Learning to run before we walk: can virtual reality help recover stereo vision?
Our ability to perceive the marvels of the three-dimensional world surrounding us would not be possible without a phenomenon known as stereopsis. Due to being located at different positions, there is a difference in the visual information which each eye receives. This is known as binocular disparity. Stereopsis is the term for our ability to combine this information coming in from both eyes, allowing us to perceive a more accurate representation of the world. As an integral part of human vision, we rely on stereopsis for precise depth estimation, visuomotor control and some crucial everyday tasks. However, according to recent studies over 5% of the population are stereo deficient, with numbers rising to over 34% in the elderly 1. Although stereo deficient individuals can use many monocular cues, such as perspective or occlusion to judge the depth of their surroundings, the ability to use binocular disparity is what enables us to execute complex motor tasks and judge fine details of depth perception. Stereo-deficiency can thus lead to many difficulties, for instance concerning the ability to play sports, safety amongst the elderly, and career limitations, such as, for drivers, pilots, surgeons, and many more besides.
It has long been believed that stereovision forms early on in life, during critical development of the visual system, ranging anywhere from a few months old to 3–5 years of age. Unless changes are made during this critical period, it is generally believed that stereovision cannot be recovered. Nevertheless, there have been reports of stereo vision recovery in adults from as early as the 19th century, when ophthalmologist Emile Louis Javal treated his sister’s strabismus (a condition where the eyes are turned in different directions) using a stereoscope 2. A more recent and well-documented account of stereo vision recovery was provided in 2006 by Oliver Sacks 3. He described the case of Susan Barry, known as ‘Stereo Sue’, who persistently used focus exercises over time to improve her depth perception. Sack’s article has challenged the conservative view of our ability to recover aspects of our visual system later in life. Even more interestingly, Bruce Bridgeman 4, a psychology professor from the University of California Santa Cruz, without any prior visual training, regained his stereo vision in the cinema while watching the 3D-animated film, Hugo, with polarizing 3D glasses.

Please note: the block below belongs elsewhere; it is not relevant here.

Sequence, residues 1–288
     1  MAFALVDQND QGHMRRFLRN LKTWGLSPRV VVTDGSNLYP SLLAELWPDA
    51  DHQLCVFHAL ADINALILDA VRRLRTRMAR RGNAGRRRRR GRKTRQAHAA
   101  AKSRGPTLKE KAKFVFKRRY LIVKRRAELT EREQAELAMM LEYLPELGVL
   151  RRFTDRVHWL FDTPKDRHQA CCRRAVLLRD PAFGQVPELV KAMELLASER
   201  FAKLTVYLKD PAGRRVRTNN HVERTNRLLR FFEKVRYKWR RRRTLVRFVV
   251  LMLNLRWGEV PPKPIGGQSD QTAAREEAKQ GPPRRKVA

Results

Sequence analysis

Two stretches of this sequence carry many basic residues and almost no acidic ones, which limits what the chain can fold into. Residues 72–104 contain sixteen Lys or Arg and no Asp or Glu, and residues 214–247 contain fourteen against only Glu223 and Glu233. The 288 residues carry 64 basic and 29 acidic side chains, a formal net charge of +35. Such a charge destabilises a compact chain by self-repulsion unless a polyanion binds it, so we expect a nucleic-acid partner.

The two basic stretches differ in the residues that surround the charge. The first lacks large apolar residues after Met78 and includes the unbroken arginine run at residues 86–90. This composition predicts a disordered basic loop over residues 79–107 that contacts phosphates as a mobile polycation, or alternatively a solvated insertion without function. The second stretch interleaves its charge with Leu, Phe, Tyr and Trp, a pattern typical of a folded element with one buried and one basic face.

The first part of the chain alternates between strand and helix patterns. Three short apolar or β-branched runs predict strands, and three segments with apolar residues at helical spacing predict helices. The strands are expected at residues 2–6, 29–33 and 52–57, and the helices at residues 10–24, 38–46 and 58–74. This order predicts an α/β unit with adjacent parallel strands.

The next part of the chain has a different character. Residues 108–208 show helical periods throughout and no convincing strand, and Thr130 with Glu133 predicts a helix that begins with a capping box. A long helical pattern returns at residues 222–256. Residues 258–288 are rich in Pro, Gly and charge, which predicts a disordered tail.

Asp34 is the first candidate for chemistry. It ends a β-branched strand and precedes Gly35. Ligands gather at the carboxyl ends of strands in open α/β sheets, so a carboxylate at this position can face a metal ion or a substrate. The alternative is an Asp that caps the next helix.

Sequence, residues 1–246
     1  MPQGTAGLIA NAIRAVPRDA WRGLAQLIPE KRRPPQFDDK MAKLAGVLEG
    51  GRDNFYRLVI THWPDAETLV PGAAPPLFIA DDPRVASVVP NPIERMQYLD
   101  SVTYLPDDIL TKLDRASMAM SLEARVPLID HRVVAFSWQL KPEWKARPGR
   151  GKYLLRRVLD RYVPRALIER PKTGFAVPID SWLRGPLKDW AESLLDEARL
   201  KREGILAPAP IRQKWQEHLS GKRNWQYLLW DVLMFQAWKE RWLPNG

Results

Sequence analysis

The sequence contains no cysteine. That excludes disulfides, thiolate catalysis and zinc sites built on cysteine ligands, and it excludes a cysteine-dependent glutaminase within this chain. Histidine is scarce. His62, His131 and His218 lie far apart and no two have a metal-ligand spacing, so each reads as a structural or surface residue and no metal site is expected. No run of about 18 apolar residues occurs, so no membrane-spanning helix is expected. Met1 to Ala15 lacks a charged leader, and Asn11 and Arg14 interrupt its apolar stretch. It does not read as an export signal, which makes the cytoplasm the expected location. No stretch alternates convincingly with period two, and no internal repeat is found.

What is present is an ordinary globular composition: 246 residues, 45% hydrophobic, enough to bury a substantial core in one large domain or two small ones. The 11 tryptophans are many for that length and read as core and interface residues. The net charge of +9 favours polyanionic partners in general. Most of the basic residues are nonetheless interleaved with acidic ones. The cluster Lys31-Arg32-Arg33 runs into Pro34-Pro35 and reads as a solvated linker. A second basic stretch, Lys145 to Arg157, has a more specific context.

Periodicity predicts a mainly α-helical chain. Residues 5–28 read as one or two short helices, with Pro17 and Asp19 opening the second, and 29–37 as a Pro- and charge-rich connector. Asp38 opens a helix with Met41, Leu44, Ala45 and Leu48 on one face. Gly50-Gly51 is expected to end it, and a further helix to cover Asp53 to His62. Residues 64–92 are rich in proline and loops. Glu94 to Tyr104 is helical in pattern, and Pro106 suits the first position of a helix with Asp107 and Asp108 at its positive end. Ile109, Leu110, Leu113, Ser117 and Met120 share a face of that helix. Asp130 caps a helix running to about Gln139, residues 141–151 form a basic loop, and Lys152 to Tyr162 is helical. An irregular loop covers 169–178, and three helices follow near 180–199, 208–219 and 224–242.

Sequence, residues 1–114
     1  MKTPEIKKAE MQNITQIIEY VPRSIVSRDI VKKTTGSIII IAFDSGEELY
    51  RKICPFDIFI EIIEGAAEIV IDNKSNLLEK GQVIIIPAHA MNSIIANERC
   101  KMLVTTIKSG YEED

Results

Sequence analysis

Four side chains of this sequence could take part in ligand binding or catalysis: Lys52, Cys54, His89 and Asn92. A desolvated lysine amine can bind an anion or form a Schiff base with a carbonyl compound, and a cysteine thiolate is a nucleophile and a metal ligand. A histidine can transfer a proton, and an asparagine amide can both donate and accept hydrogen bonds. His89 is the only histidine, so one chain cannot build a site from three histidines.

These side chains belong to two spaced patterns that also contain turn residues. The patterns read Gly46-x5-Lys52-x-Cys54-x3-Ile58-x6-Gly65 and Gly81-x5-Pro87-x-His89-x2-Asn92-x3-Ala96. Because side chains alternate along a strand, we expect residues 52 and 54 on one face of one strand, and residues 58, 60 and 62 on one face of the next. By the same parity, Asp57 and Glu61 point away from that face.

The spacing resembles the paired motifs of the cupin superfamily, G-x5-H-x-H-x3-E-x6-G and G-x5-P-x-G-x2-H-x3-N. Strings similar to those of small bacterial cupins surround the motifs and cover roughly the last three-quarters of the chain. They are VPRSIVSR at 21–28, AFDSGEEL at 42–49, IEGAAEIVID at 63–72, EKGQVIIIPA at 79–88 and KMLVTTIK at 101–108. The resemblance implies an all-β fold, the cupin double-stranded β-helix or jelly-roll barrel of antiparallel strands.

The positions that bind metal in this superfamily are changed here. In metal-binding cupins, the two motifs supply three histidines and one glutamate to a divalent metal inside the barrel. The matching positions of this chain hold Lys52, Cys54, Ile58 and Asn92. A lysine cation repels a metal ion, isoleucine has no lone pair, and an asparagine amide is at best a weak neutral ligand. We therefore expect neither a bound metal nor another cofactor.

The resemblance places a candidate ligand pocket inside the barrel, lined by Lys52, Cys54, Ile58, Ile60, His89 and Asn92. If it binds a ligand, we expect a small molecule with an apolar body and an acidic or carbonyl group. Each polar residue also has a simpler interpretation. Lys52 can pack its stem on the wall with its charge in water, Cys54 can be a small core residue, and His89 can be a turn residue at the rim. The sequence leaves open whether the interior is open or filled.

These accounts of adult stereo vision recovery have sparked more systematic work in the field of vision science and orthoptics. Most researchers so far have focused on vision recovery techniques, which aim to improve the overall retinal function. For example, patching up one eye for a short period of time, allowing individuals to rely solely on monocular cues. Additionally, researchers from the University of California 5 have introduced a number of perceptual learning techniques for stereovision recovery. Perceptual learning refers to a procedure where stereo deficient individuals repeat the same task over many trials, just as Stereo Sue did. This type of learning has been observed to occur in natural settings. In 2015, researchers Adrien Chopin, Dennis Levi, and Daphné Bavelier observed that dressmakers exhibited better stereoscopic vision than non-dressmakers, concluding that this was most likely attributed to a dressmaker’s continuous exposure to perceptual learning within a natural setting 6.